Saving Yourself for Marriage
- Lee Wilson Family Dynamics Institute
- 2005 14 Feb
You may think I'm only talking about sex or physical purity. But I'm not. There's a lot more you can save for your spouse, if that's what you choose.
I used to struggle with the idea of saving sex for my spouse. I knew it was the right thing to do, but I couldn't help but think I was missing out. I was, but it would have been only a temporary sacrifice that would have turned into a priceless investment.
Saving sex for your spouse is not the only thing that will pay great dividends. Though sex is a very special and sacred experience between a man and woman who love each other and have committed to each other by marriage, it is not the be all and end all of the male/female relationship. It's just one important part of several areas that are found in a healthy marriage.
What if the mindset of a single was not just "I'll save sex for marriage," but "I'll save myself" for my future spouse?
How Do You Save Yourself?
Saving yourself, as I define it, means that you save more than just sex. You save other special things like kisses, touches, and "I love you's." It may sound far-fetched or even very old-fashioned, but can you imagine the feeling of joy and love you'd have if you knew that your spouse had not even kissed another person? Ever? Or if the first time he/she ever said, "I love you," it was to you!
Imagine the privilege and honor of having a spouse who didn't just save sex for you, but saved absolutely everything! You can take this as far as you choose. Maybe you don't even want to hold another person's hand before you hold the hand of the one who commits to you for life. Or maybe saving just sex is enough for you. I can't make your decision. I can't even speak from the successful "saving" of myself. But I can speak from the experience of being married and being part of an organization that has worked with nearly 100,000 married couples.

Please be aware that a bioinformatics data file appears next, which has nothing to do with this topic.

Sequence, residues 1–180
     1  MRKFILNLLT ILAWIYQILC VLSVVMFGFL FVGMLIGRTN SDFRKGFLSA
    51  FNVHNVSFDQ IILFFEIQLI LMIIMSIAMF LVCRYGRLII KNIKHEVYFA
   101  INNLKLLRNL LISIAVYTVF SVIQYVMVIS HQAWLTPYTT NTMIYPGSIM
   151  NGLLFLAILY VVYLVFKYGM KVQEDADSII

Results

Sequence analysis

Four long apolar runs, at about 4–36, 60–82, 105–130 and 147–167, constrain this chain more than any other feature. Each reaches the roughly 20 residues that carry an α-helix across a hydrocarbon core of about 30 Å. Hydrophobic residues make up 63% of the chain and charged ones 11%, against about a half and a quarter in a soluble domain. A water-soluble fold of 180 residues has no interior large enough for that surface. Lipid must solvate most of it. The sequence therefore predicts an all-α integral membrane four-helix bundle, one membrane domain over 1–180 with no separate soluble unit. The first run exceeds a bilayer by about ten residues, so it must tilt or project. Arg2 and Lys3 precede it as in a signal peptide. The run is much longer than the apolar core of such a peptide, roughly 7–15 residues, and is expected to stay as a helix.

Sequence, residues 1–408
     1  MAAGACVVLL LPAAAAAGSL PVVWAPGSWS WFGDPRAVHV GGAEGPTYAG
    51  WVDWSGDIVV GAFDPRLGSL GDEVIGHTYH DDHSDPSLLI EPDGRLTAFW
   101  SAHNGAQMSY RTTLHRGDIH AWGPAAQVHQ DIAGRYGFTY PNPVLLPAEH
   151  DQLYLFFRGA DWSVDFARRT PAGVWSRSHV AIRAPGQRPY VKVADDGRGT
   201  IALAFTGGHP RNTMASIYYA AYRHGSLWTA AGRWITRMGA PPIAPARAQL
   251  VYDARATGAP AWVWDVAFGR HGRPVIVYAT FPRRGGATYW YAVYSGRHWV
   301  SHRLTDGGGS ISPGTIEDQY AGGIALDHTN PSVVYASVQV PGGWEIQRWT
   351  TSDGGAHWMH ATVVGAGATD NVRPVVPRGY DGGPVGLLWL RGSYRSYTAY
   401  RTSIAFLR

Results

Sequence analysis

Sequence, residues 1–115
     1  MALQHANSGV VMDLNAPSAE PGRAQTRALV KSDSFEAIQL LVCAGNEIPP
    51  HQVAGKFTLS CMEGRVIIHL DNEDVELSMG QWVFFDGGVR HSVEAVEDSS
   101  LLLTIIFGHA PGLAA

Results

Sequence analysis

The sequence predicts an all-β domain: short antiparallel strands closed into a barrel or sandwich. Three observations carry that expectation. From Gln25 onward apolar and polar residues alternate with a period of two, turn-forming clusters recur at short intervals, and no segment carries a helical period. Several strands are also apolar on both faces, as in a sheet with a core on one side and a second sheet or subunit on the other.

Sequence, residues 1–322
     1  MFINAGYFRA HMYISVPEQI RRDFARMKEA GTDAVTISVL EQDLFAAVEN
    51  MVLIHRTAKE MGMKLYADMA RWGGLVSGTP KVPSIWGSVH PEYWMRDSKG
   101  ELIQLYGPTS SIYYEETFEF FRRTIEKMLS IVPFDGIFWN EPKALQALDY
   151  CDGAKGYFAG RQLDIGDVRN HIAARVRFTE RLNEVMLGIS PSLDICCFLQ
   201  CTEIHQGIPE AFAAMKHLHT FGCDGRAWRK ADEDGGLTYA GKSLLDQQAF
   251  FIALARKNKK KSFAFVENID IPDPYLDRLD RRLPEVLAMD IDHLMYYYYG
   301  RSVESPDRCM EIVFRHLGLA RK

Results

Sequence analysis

I can tell you that if more couples saved everything for each other, many marriage-harming issues would not exist in their relationship. There wouldn't be haunting memories of past sexual encounters. There wouldn't be feelings of jealousy towards those who had physical experiences with someone's husband or wife. There wouldn't be the mindset that says, "Since I've had sex with someone else, what's the harm in doing it with another someone else?" Or, "Since she's had sex with someone else, what does it matter if I do, too?"
Perhaps the best part would be the sense of sacredness that saving oneself completely brings to a marriage. She doesn't have to share him with anyone—past, present or future. And neither does he.
Trust me, people don't leave marriages like that. Why would they?
I'm not saying it will be easy. In fact, I imagine it will be extremely difficult. But on your marriage night, when you give yourself to your spouse without bringing someone else's memory with you, you'll probably consider it to be your greatest accomplishment in life.
If you haven't saved yourself, start today. Wouldn't it be great to be able to say that you committed to your spouse even before you met him or her? Or decided to marry? Save as much of yourself as you can.
Remember this rule: The more you save for your spouse, the more you'll have to give and the more you are able to receive. It's worth it. Trust me.
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Lee Wilson is a ministry consultant at Family Dynamics Institute, a marriage and family ministry that works with churches and concerned Christians to build strong, healthy marriages. You can visit their Web site at www.familydynamics.net or call them at 1-800-650-9995.
**This article first published on February 14, 2005.